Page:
Family cottages are filled with memories, of barbeques, bonfires and family celebrations. But with fond memories can also come a lot of obligations and headaches when it comes to deciding the future of the cottage. The last thing you want is for your loved cottage to create a drift between your loved ones.
A cottage sharing agreement (a.k.a. a cottage succession agreement) helps protect future generations of your family from arguments on scheduling, property fees, and selling the property.
What’s a cottage sharing agreement?
A cottage sharing agreement details agreed-to guidelines that are used to safely pass cottage ownership and control from one generation to the next. The goal is for the property to stay in the family for many generations to come.
Inheriting a family cottage is a fairly straightforward move. The majority of problems can come up through the siblings' joint custody of the property. Planning out cottage succession helps everyone involved create guidelines around things like how they are going to use the property, how to divide up costs and work around the property and how to resolve potential conflicts. These carefully thought-out rules can help keep the peace in the family over the years.
What should the cottage sharing agreement include?
Ideally, all cottage sharing agreements should be made between active parents and their children, to avoid any surprises or tension after the will is read. The more complete a cottage sharing agreement is, the better it will serve the family. Here are seven things to consider and include in the agreement:
- How are you going to use the cottage? Should all children use it together or will time be split evenly between siblings? Are guests or non-family relations allowed to use the cottage in any circumstance? Is there a period of time that no one should be using the cabin?
- What are the “house rules?” When a child stays at the cottage, what are their responsibilities? What items are prohibited - i.e. pets or smoking?
- Can you rent it out? Can any of the children rent out the cabin during their allotted time or during non-use? Should rent profits be split equally or funneled back into the cottage?
- Dividing up costs: How will costs like utility bills, municipal taxes, and insurance premiums be split? Who is in charge of paying these bills
- Fixing it up: Which improvements should be budgeted for to ensure the well-being of the cabin? How will the children budget for updates and repairs? How should collective decisions be made - e.x. majority vote or unanimous vote?
- Inheritance guidelines: If an heir should die, should the surviving spouse inherit the share of the cottage? Should the share be passed down to the person's children?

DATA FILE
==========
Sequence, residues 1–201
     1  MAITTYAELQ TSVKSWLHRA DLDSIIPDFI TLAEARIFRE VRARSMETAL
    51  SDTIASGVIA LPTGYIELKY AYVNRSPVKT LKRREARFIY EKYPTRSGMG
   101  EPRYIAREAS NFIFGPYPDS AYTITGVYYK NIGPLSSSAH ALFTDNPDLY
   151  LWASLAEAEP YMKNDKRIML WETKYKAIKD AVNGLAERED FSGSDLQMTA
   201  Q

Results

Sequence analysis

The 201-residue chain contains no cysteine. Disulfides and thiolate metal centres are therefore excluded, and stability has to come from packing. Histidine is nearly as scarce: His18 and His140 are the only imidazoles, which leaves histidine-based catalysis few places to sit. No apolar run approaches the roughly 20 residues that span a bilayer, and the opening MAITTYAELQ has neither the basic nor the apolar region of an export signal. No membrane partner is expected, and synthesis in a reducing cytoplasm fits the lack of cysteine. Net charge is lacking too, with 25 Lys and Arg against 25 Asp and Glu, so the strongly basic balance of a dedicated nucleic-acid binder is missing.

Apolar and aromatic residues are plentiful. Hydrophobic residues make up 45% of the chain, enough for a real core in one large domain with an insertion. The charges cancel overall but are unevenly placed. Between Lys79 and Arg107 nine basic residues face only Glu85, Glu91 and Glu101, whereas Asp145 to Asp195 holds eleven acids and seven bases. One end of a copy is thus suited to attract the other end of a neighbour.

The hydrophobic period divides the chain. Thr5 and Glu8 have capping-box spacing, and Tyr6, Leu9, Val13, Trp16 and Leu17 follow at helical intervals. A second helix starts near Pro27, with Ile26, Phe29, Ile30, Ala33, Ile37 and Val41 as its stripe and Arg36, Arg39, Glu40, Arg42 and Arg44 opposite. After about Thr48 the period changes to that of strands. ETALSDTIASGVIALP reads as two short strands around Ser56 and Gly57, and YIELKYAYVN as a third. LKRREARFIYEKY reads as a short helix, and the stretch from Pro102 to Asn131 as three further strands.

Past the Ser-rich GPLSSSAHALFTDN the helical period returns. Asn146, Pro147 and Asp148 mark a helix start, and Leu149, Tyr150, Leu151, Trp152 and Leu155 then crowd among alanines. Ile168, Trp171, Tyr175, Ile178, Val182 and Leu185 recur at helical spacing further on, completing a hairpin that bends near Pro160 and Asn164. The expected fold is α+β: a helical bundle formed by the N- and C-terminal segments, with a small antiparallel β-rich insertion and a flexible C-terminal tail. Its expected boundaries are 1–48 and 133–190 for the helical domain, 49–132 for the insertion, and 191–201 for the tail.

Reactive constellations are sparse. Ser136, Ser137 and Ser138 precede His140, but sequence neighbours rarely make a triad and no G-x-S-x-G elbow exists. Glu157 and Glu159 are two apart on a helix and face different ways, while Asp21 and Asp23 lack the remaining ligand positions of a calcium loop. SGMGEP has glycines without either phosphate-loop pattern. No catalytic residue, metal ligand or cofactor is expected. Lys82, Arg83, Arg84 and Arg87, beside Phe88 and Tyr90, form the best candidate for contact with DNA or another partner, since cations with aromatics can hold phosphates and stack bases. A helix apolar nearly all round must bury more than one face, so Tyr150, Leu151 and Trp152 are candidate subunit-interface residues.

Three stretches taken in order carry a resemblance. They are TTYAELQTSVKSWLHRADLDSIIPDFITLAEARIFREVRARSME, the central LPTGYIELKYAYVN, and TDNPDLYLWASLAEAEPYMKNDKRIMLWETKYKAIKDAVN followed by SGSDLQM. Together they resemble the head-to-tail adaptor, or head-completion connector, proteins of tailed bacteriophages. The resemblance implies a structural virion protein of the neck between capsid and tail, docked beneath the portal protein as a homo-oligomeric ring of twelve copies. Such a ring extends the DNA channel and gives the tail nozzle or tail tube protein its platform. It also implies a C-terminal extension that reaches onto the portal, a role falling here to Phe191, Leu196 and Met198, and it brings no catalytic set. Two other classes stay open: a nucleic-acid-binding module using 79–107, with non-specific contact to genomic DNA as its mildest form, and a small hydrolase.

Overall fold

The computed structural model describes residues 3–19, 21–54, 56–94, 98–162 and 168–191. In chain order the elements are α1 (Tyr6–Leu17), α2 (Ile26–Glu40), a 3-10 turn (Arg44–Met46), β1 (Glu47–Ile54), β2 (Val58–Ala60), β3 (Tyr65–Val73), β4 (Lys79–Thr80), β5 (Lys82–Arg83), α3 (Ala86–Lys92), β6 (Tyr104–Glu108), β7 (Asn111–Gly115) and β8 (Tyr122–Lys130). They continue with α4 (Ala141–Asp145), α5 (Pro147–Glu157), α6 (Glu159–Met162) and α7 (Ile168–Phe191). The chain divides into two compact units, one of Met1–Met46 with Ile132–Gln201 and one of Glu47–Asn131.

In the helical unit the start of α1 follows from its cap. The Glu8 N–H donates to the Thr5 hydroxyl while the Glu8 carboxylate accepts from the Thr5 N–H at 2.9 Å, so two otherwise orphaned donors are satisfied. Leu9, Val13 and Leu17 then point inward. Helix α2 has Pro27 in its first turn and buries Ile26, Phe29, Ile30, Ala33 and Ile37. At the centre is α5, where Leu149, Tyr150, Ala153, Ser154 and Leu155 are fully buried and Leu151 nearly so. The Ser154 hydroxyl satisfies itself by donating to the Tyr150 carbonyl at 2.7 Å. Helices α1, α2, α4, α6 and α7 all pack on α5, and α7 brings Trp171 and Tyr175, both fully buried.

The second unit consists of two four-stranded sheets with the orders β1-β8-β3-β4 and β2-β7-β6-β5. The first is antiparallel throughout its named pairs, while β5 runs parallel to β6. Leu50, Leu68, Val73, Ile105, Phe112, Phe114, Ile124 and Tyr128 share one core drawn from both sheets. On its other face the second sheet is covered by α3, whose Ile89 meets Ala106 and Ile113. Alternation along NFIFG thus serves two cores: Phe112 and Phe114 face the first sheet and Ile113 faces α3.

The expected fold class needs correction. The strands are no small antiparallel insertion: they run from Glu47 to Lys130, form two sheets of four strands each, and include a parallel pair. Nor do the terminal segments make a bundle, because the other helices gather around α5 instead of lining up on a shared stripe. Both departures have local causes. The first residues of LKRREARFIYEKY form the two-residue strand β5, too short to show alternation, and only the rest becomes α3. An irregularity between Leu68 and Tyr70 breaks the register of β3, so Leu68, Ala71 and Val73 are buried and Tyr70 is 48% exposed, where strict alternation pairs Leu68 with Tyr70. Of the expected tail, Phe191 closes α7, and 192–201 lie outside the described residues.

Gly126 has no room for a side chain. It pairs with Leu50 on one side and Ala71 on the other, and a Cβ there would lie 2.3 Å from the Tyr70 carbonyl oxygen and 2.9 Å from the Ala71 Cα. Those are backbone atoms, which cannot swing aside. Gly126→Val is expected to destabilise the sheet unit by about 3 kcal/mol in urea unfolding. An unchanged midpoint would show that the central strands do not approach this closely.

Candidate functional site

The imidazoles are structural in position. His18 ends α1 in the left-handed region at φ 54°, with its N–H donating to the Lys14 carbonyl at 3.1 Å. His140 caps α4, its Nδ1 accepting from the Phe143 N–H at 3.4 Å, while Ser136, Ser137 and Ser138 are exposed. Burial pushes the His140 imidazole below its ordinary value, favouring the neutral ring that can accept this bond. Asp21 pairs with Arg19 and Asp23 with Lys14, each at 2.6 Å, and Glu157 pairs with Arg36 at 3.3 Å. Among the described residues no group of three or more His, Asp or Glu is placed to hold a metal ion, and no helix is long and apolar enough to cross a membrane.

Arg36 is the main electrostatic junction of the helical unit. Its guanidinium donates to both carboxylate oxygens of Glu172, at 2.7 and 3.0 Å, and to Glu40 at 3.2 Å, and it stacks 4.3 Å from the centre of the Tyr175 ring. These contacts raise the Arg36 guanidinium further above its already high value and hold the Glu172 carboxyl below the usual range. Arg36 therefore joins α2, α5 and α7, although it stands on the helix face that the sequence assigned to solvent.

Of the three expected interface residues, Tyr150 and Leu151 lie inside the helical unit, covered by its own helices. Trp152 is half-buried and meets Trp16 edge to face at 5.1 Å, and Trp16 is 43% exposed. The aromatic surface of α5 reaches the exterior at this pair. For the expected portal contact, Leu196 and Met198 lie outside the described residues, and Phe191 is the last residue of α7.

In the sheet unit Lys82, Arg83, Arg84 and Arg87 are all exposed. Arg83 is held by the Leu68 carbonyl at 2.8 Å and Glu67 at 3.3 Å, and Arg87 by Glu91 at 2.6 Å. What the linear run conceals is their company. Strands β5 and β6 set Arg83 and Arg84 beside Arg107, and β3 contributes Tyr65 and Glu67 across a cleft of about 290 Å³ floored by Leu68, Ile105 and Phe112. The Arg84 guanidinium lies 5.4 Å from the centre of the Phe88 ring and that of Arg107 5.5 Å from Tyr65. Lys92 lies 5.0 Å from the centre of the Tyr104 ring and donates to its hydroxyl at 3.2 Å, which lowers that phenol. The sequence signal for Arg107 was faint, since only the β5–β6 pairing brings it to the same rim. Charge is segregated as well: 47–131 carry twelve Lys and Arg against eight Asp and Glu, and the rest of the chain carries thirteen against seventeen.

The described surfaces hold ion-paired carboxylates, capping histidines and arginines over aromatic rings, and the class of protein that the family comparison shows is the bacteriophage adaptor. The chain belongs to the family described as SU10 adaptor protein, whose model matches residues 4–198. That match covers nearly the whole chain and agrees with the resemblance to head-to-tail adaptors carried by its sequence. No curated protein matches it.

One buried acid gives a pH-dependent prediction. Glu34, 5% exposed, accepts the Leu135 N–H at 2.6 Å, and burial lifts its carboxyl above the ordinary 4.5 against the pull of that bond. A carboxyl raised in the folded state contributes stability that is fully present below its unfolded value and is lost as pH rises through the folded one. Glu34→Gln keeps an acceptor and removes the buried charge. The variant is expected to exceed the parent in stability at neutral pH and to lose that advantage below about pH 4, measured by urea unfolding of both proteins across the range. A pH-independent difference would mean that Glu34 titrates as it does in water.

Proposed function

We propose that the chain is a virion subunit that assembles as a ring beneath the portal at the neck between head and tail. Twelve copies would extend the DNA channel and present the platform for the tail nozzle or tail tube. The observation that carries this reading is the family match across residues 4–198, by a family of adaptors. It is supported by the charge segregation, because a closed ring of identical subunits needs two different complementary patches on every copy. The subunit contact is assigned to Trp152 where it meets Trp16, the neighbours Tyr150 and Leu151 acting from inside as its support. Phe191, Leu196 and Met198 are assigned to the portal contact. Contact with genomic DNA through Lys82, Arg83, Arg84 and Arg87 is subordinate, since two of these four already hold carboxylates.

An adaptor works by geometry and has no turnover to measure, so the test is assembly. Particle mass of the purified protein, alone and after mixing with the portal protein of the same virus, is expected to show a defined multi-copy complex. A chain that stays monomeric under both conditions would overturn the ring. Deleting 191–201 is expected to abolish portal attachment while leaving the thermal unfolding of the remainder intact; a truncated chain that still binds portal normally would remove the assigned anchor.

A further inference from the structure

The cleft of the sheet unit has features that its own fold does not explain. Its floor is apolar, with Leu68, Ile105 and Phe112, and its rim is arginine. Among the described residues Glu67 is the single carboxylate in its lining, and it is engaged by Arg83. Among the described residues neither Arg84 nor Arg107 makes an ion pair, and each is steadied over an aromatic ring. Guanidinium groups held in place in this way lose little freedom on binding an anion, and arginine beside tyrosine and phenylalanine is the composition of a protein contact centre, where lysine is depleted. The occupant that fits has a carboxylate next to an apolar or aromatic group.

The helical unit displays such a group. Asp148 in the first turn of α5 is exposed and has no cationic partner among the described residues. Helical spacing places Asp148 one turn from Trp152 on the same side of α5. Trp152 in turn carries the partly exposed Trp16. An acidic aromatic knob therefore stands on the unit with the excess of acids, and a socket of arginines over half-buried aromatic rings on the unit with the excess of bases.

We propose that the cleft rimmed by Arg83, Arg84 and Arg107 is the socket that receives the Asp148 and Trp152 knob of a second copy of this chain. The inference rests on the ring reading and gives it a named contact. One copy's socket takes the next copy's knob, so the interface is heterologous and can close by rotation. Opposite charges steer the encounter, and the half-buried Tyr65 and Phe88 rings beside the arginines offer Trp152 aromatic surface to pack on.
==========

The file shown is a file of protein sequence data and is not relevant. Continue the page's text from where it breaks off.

- Creating a family council meeting: Things will change over the years as you share the cottage. It can help to set up a regular yearly meeting between your family to get together and discuss everything around your cottage.
Keeping Family Peace
Even the most carefully thought out cottage agreements won’t prevent the occasional sibling squabble or family friction. Instead, the goal is to diffuse majority of the problems before they become an issue.
Creating a cottage sharing agreement can be overwhelming, but it can help you save time and avoid issues. Cottage succession planning can involve several experts, including financial advisers, appraisers and other professionals to get the job done well.
The Cottage Sharing Agreement is a legal contract so it can help to start the process with a lawyer who can identify the issues, provide recommendations and a draft Cottage Sharing Agreement to discuss with your family. Remember that you are doing all this work now to protect your family's happiness in the future.
Legal Disclaimer: This article is provided for information purposes only. It is not to be relied upon as investment advice or guarantees about the future, nor should it be considered a recommendation to buy or sell. Information contained in this article, including information relating to interest rates, market conditions, tax rules, and other investment factors are subject to change without notice and The Bank of Nova Scotia is not responsible to update this information. All third party sources are believed to be accurate and reliable as of the date of publication and The Bank of Nova Scotia does not guarantee its accuracy or reliability. Readers should consult their own professional advisor for specific investment and/or tax advice tailored to their needs to ensure that individual circumstances are considered properly and action is taken based on the latest available information.